Over half of doctors in the U.S. have now ditched paper-based systems in favor of electronic health records (EHRs), according to data released by the U.S. Department of Health and Human Services.
The market for EHRs is now estimated at between $6 billion and $10 billion. For this reason, noted investor Peter Thiel recently referred to this technology as revolutionizing “our interactions with the medical community, just as Facebook did for social networking.”
In the wake of this milestone, let’s take a deeper look at the market forces that triggered this shift, the remaining challenges, and the benefits for patients.
What triggered this shift?
Farzad Mostashari, the national coordinator for health information technology, insisted in a recent conversation at VentureBeat’s recent HealthBeat conference that the market must drive innovation “and not the government.”
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But the “push and pull” effect for EHRs came from D.C. In 2009, congress passed the Health Information Technology for Economic and Clinical Health Act. This offered health care providers reluctant to make the shift to digital systems “meaningful use” incentives — and if that didn’t work, a threat of punitive action.
Without doubt, the effort has spurred adoption. New data shows that more than 50 percent of doctors and 80 percent of hospitals have received enhanced federal funding for achieving “meaningful use” of digital records.
The Obama administration’s support for EHRs triggered the attention of entrepreneurs and venture capitalists. In 2009, the most prominent venture firms began pouring funding into web-based electronic health records, such as Practice Fusion and CareCloud.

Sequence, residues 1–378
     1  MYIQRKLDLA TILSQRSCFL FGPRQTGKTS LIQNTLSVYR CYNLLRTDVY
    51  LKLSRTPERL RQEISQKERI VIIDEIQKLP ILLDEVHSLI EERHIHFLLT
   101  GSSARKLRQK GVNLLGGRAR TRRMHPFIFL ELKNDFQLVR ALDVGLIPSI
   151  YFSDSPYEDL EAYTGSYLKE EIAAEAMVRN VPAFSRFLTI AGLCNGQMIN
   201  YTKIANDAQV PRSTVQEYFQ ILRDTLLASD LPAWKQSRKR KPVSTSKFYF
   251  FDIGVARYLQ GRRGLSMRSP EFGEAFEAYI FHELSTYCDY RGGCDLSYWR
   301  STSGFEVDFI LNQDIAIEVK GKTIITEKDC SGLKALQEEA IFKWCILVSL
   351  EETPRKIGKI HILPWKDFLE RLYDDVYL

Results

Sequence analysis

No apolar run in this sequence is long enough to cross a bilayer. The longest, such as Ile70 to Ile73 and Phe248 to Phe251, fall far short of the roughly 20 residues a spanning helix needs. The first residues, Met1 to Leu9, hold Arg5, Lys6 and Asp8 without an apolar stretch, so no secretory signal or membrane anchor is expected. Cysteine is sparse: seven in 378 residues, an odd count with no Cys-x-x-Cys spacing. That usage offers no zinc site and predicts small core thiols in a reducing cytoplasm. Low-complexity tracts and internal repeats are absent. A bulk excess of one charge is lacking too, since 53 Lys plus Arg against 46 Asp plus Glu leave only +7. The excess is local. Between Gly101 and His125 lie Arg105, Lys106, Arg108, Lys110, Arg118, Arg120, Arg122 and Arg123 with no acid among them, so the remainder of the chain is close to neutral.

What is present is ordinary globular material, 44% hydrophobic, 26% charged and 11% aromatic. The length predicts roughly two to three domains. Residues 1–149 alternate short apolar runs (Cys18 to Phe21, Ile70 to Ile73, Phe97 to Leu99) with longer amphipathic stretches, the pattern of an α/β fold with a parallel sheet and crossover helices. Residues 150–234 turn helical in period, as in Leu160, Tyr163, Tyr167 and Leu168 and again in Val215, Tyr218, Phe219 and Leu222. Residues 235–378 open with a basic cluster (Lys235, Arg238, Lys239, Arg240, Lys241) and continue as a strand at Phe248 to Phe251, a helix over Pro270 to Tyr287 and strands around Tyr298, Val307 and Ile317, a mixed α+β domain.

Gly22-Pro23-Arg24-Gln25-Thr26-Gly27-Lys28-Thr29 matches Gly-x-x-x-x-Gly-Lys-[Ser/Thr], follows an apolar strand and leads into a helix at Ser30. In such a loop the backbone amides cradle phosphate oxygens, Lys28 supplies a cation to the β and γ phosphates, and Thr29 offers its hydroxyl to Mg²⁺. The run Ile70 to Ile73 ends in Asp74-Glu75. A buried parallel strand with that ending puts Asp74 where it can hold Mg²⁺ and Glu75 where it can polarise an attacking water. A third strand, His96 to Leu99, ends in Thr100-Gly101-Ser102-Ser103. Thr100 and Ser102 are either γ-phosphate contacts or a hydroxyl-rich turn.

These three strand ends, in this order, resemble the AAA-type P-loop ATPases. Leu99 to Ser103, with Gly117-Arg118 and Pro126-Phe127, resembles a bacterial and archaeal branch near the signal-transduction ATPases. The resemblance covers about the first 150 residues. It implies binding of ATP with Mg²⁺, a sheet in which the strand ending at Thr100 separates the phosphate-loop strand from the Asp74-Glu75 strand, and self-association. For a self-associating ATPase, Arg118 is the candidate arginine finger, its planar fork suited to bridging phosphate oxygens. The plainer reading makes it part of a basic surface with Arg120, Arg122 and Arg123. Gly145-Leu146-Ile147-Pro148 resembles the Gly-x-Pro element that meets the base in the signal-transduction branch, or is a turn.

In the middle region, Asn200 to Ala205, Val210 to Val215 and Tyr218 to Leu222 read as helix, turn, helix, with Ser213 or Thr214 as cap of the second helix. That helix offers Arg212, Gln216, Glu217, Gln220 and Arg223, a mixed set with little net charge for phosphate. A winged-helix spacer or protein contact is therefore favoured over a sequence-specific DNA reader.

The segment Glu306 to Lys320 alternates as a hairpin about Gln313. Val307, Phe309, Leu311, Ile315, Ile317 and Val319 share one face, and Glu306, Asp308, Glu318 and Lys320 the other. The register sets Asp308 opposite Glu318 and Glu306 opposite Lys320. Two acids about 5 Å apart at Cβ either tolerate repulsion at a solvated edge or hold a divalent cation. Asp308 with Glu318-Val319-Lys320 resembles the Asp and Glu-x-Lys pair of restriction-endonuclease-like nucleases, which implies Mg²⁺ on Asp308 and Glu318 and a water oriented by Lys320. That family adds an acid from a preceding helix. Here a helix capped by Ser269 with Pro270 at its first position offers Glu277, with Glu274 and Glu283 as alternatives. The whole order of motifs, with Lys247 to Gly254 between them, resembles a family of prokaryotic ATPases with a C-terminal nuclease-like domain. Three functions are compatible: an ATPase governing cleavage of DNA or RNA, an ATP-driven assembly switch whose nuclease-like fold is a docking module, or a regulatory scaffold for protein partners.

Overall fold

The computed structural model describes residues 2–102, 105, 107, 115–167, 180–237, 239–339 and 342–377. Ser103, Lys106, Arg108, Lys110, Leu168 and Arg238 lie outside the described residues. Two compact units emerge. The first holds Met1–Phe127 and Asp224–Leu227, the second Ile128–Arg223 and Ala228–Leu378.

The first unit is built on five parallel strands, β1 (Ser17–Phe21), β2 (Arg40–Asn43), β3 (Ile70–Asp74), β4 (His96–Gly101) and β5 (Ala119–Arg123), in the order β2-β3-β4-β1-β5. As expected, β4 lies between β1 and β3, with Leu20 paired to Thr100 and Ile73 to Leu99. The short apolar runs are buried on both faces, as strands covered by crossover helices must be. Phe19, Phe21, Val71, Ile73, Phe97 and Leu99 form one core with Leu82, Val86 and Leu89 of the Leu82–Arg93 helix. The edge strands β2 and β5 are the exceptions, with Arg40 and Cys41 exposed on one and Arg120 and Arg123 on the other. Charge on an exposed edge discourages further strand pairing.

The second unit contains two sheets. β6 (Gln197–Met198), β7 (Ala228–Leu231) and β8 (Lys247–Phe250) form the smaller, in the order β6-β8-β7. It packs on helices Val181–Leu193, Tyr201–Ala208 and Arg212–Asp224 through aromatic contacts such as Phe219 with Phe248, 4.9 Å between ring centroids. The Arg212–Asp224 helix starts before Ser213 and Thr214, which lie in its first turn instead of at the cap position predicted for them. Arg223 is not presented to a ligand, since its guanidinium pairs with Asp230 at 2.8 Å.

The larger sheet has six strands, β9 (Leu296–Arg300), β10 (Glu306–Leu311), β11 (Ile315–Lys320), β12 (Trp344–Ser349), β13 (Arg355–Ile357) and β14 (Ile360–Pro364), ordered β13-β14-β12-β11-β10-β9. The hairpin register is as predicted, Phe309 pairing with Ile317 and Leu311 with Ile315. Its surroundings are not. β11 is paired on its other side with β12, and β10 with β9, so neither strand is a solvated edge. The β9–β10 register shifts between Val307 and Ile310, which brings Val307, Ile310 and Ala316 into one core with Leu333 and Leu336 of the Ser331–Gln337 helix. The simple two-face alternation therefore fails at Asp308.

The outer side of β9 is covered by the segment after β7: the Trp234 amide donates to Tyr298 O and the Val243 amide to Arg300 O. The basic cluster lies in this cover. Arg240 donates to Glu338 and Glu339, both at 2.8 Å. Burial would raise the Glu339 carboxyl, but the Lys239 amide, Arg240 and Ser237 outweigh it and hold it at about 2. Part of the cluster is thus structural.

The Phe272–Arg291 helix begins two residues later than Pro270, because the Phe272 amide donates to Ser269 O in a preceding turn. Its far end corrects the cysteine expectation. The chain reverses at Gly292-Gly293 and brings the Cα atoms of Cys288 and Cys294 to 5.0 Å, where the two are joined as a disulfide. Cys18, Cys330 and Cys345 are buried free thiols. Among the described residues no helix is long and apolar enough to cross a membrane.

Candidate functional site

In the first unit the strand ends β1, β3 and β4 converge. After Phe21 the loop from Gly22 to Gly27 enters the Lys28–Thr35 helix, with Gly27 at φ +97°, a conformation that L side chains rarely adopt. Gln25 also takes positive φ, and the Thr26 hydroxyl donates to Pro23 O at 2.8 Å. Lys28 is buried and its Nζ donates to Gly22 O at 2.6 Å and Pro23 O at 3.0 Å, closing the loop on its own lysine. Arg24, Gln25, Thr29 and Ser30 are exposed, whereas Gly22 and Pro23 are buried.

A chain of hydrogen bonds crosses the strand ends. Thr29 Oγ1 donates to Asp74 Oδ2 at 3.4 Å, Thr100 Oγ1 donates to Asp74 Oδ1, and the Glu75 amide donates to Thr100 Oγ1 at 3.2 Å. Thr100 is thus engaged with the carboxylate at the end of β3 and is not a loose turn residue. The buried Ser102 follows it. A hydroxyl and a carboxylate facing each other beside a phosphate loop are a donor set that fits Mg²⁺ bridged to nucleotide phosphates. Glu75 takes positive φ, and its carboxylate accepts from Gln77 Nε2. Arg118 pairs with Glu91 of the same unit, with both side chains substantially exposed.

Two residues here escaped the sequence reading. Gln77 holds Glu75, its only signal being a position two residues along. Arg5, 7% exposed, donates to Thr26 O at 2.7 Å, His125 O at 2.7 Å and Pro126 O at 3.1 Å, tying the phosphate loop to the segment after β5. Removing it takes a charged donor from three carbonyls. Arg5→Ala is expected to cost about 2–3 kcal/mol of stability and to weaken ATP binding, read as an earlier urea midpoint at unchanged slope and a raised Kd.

How do physicians feel about EHRs?
If you want to spark a heated debate at any health conference, just ask the panel for their opinion on the various EHR providers. Some of the most frustrating challenges include interoperability between different systems and a lack of integration with medical devices.
It’ll take a few years before we really start to see the benefits of mass EHR adoption.
A recent study in the Journal of the American Medical Informatics Association found that entrenched behavior is a bigger factor than we realize. Doctors aren’t Luddites, but many have learned to “absorb” uncertainty rather than trying to minimize it through technology.
Just like any technology trend — we have the early adopters on board, but it’s not easy to change behavior.
How will EHR adoption affect you?
As the New York Times‘ columnist Thomas Friedman pointed out, with information about your tests, results, procedures and gaps in care stuffed into manila folders in doctors’ offices and hospitals, and not turned into electronic records, it has proven difficult to improve patient outcomes.
Criticism of electronic record vendors is rife — and it’s easy to miss those stories of hospitals streamlining processes and collecting data to benefit patients. Here are some of my favorite examples:
- Intermountain Healthcare, the Salt Lake City-based nonprofit group of 22 hospitals and 185 clinics, launched the first major system of its kind to measure and report patients’ cumulative medical radiation exposure from tests that deliver the highest amount of radiation. Intermountain will permit patients to access their exposure data via an electronic health record — and will educate them about the risks. Read the full story in The Wall Street Journal.
- Dr. Jen Brull, a family medicine specialist in Plainville, Kan., believed she was alerting relevant patients to have colorectal cancer screening — until she looked at the data in her new electronic health care system. She discovered that only 43 percent of those who should be getting the screening had done so. She improved it to 90 percent by installing alerts in her EHR, which led to the early detection of cancer in three patients. Read the full story in The New York Times.